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22 January, 2021updated 12 Aug 2022 13:26

The Biden presidency: What now?

Finally, after 11 turbulent weeks dominated by court cases and riots, Joe Biden is ensconced in the White House. Investment Monitor looks at what the next four years will entail.

By Richard Gardham


US President Joe Biden’s inaugural address was widely praised, but now the real task starts. (Photo by Drew Angerer/Getty Images)

Joe Biden is the 46th president of the United States of America. Few of his 45 predecessors have had a more eventful route to the White House. Donald Trump has tried desperately to cling on to power, through a series of unsuccessful appeals in the courts to overturn the result of the election and then by whipping up anger among his supporters, which led to the shocking scenes on 6 January when the Capitol was stormed.

Biden has the unenviable task of taking over a tinderbox of a country in which the Covid-19 virus has established a strong foothold. However, the largest economy in the world still has to function. It needs a thriving manufacturing sector. Its creaking, crumbling infrastructure needs upgrading. US foreign policy – which over the past four years has taken in a trade war with China, a redrawing of Nafta and various long-time allies cast aside – will need some serious attention (and yes, that includes paying some attention to a trade deal with the UK, Brexit and all). Its attitude to globalisation, and with it foreign direct investment, will also need a rethink. The more progressive flank of the Democratic Party will not let Biden’s campaign pledges on ESG slip, either. These are all topics that Investment Monitor has covered in the run up to the inauguration on 20 January.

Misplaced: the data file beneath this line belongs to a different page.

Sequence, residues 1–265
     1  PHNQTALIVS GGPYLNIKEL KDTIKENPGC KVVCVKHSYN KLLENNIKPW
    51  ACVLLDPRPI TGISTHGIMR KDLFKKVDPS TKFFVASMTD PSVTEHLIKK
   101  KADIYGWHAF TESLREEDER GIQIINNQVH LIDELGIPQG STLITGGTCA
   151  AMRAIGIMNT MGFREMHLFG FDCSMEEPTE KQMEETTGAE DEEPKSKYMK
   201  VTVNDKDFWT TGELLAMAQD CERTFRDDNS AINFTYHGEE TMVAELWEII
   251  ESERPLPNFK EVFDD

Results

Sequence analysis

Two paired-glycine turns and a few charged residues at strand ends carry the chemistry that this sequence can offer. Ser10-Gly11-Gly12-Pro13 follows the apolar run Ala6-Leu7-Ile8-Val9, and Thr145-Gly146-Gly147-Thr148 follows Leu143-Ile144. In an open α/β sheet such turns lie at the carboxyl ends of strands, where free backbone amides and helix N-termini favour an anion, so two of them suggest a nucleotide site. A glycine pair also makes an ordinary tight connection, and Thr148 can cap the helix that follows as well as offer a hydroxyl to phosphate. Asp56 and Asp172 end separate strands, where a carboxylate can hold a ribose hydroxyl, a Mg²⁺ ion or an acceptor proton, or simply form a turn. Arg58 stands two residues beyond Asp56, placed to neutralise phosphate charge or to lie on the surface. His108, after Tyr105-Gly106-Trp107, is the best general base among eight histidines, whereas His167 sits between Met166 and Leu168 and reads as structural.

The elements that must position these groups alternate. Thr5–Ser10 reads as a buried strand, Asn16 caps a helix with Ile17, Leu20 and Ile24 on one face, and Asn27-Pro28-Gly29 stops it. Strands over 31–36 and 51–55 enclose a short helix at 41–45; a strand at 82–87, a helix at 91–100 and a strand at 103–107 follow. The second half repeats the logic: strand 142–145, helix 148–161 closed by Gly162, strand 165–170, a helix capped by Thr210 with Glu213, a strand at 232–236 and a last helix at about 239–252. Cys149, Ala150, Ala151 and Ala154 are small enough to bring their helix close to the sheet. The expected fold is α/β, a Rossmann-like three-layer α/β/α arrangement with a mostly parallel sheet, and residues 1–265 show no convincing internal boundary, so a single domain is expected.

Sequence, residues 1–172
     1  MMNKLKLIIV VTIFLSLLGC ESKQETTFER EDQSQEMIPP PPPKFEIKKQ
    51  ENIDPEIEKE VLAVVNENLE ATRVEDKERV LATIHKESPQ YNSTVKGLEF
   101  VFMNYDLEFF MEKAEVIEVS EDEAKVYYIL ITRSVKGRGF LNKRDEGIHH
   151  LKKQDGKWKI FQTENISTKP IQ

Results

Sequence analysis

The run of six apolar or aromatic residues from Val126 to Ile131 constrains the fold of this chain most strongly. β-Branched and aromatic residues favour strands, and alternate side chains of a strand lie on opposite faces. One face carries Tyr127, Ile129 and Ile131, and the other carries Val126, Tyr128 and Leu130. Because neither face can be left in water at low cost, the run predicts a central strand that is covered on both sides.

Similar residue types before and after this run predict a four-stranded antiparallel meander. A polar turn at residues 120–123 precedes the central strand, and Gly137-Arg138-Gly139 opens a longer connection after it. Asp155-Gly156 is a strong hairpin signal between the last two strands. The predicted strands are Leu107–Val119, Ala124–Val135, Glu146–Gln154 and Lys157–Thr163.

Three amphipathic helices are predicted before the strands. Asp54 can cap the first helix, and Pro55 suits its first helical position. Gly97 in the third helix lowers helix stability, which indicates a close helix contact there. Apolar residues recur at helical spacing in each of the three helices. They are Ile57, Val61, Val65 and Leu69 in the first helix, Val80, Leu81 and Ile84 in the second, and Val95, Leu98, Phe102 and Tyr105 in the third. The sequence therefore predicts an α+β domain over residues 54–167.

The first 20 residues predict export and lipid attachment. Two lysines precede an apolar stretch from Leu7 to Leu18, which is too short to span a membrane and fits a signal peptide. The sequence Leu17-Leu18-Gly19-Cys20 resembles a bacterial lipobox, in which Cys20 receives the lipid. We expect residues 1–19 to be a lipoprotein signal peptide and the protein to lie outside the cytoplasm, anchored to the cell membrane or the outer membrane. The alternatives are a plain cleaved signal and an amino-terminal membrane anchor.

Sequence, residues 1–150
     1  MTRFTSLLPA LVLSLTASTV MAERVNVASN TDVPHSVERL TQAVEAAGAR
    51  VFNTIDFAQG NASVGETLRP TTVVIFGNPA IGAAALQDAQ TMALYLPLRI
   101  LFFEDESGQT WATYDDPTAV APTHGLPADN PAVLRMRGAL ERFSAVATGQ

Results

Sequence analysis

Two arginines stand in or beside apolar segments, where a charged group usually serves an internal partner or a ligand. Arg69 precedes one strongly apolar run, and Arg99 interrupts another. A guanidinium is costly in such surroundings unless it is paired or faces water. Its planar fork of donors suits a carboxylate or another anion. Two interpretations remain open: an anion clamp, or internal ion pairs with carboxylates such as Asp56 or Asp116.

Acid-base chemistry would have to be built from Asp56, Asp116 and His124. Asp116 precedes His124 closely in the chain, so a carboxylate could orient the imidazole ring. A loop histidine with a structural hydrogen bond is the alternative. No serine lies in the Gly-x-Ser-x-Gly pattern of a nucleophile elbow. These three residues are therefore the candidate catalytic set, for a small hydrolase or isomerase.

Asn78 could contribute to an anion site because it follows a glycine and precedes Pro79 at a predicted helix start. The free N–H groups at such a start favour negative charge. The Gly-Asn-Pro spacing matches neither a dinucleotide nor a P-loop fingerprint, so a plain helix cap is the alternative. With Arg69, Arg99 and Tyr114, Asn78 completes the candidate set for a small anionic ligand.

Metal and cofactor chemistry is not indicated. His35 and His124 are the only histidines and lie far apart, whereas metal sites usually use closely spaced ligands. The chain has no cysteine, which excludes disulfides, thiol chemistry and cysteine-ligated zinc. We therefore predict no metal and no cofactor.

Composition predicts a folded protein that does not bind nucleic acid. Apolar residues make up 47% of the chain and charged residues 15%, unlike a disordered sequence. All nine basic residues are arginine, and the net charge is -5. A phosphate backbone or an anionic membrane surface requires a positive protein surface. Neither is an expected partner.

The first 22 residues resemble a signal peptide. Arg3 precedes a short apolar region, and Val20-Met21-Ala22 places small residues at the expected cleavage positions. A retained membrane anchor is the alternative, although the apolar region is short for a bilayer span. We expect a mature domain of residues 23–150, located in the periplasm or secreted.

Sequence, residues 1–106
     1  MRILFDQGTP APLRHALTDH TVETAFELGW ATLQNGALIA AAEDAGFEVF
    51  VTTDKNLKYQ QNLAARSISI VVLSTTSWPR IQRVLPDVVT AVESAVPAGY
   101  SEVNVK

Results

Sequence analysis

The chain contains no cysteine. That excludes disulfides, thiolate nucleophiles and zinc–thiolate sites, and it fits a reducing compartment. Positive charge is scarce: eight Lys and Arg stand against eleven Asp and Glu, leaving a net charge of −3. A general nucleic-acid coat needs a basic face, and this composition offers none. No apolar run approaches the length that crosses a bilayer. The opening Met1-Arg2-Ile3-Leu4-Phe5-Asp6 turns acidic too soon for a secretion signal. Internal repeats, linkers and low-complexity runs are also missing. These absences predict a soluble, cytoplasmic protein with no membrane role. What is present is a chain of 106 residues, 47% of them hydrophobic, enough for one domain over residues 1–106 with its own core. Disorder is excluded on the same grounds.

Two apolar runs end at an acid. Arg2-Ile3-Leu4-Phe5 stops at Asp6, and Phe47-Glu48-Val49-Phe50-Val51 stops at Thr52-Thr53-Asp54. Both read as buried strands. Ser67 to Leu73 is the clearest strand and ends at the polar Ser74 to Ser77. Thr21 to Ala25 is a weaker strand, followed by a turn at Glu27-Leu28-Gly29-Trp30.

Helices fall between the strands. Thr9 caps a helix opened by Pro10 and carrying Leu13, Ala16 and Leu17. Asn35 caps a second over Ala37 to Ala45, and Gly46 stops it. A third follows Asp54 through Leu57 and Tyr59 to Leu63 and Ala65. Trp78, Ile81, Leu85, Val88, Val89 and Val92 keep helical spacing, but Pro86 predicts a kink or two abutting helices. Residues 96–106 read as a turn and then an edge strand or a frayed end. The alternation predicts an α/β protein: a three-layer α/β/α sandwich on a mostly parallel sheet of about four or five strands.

Biden’s accession into the White House is also a theme on Energy Monitor, which profiles Danish clean energy giant Ørsted and US commercial EV technology company Proterra, which it predicts will enjoy breakout growth in the US under Biden. It also looks at climate opportunities for the EU under the new regime in the US, while assessing the dilemma over US LNG exports to Europe, and provides an introduction to Biden’s climate and energy team.

Donald Trump entered the White House full of bombast and was hailed by his supporters and many big businesses (that should have known better) as the man who would ‘make America great again’. He leaves a country fractured, a Capitol stormed, the relatives of more than 400,000 people grieving over Covid-related deaths (almost twice as many deaths as second-placed Brazil), foreign relations in urgent need of mending and a national image that requires some serious rebuilding. Over to you, Joe…

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